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Spirituality

Lasallians recognize that source of spirit deep within all members of the Lasallian Family and recognize that it is this spirituality that nourishes the sense of educational and vocational mission.

Lasallians continuously discover that living the educational mission meaningfully opens up ways to spirituality and awareness of the very Presence of God found in different faith traditions. Belonging to the Lasallian Family means experiencing the Absolute on a daily basis, in meeting others, in our ordinary tasks, especially when we discover the needs and talents of children and young people as well as our own.

The Lasallian involved in the work, project, or mission is called to be nourished in interiority and enriched in spirit, called to Transcendence and to sanctity in the tradition of faith and zeal for the educational mission to the children and young people begun by the Founder and the first Brothers. Lasallians are all called to nourish and share this view of interiority-spirituality, to perceive the mystery of the Divine indwelling in the midst of educational service.

A Conversation for the Lasallian Family: Deepening our Identity, September 2020

We have summarized our Lasallian Spirituality as follows:

Spirit of Faith

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Spirit of Zeal

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Spirit of Community

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Presence of God

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Love for Meditation

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Love for Scripture

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Love for Our Lady

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Love for Poor

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Love for Prayer

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Love for St. Joseph

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Love for Children

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Love for Politeness

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Love for Gentleness

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Spirit of Faith

Perhaps the strongest aspect of Lasallian spirituality is St. La Salle’s insistence on acquiring the spirit of faith. What did he mean?

In his own words we are to

look upon everything with the eyes of faith,
do everything in view of God,
and attribute all to God
.”

With this mindset we are to look upon everything in this world with the “eyes of faith,” to see all created things as God sees them. We are to do everything in order to glorify and please God and we are to accept both good and evil as coming from God!|s hands. In this way we will become more and more aware of the presence of God in our daily life, in the events of life and in other persons. We will use our senses, eyes, ears, touch, smell and taste for the glory of our Creator. We will do likewise with our gifts or talents.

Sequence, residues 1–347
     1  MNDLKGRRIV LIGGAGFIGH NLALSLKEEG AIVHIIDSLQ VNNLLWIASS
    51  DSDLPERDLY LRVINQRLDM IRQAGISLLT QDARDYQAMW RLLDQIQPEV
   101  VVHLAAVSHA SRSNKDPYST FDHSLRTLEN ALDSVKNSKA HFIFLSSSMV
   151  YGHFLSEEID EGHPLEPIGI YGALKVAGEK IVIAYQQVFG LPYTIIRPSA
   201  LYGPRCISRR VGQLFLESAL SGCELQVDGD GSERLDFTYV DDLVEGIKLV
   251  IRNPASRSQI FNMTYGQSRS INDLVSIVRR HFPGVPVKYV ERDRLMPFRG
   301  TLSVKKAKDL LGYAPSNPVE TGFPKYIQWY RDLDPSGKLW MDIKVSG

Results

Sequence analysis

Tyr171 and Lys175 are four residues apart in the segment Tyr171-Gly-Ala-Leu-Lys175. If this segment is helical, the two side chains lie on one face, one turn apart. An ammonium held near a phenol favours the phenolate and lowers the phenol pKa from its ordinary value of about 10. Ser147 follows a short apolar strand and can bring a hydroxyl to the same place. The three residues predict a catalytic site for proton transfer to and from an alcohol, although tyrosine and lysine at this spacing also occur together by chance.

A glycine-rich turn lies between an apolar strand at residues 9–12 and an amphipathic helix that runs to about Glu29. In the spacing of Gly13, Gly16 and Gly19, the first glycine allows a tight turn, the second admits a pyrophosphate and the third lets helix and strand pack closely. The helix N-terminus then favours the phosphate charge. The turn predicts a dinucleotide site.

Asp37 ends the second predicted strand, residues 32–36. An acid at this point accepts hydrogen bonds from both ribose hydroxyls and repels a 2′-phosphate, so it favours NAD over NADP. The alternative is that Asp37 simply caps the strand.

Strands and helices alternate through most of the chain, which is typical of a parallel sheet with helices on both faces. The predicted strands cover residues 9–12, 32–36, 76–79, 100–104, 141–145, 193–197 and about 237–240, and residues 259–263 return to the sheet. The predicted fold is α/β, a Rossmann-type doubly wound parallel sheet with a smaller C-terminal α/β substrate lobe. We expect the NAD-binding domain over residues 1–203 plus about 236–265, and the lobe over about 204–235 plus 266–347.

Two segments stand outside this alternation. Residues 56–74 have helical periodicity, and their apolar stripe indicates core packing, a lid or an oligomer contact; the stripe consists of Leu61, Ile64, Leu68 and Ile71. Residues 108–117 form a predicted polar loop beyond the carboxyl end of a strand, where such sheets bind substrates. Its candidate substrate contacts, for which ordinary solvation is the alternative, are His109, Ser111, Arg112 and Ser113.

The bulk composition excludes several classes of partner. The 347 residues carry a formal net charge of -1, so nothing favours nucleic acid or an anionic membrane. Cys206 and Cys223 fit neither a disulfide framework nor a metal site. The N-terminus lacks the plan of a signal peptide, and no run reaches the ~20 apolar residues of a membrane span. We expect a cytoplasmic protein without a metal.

St. La Salle recommends some Scripture passages to help us grow in the spirit of faith, such as

Whatever you do, whether you eat or drink, do it all for God’s glory.” (1 Cor 10:31)

and

The Lord gave, the Lord has taken away; blessed be the name of the Lord.” (Job 1:21)

and

Lord, increase our faith.” (Luke 17:5)

In his Meditation for the Feast of St. Stephen, La Salle sees Stephen as a model for us of the spirit of faith. After the example of St. Stephen we are to consider anything we have to suffer from other people as “gifts and benefits” of God. Only “pure faith” can inspire us to do this.

The spirit of faith helped La Salle to see street ragamuffins as children of God for whom he had personal love and concern. No wonder La Salle and the first Brothers chose the spirit of faith as the spirit of our Institute. It gives purpose and focus to our own lives and to our work with students.

Do you have a faith such that it is able to touch the hearts of your students and inspire them with the Christian spirit? This is the greatest miracle you could perform.” (Meditation 139)

Our world becomes a very interesting and challenging place when we look on it with the “eyes of faith.”

Spirit of Zeal

The other side of the coin to the spirit of faith is the spirit of zeal. According to the early Rule of the Brothers, we are to have “an ardent zeal” for the instruction of children, doing our utmost to bring them up in a true Christian spirit, in accord with the standards and values of the Gospel.

To be zealous is to be passionate or very enthusiastic about something. In our Lasallian world this zeal and passion is expressed in our service to others especially in the field of education. “Are you ardent and zealous for the salvation of your neighbour and in the performance of your professional duties?”

La Salle regarded the spirit of Zeal as so important that he includes it in his last will and testament. He also makes it one of the twelve virtues of a good teacher. He makes frequent reference to it in his Meditations and devotes two complete Meditations to this theme. (Meditations nine and ten for the time of retreat.)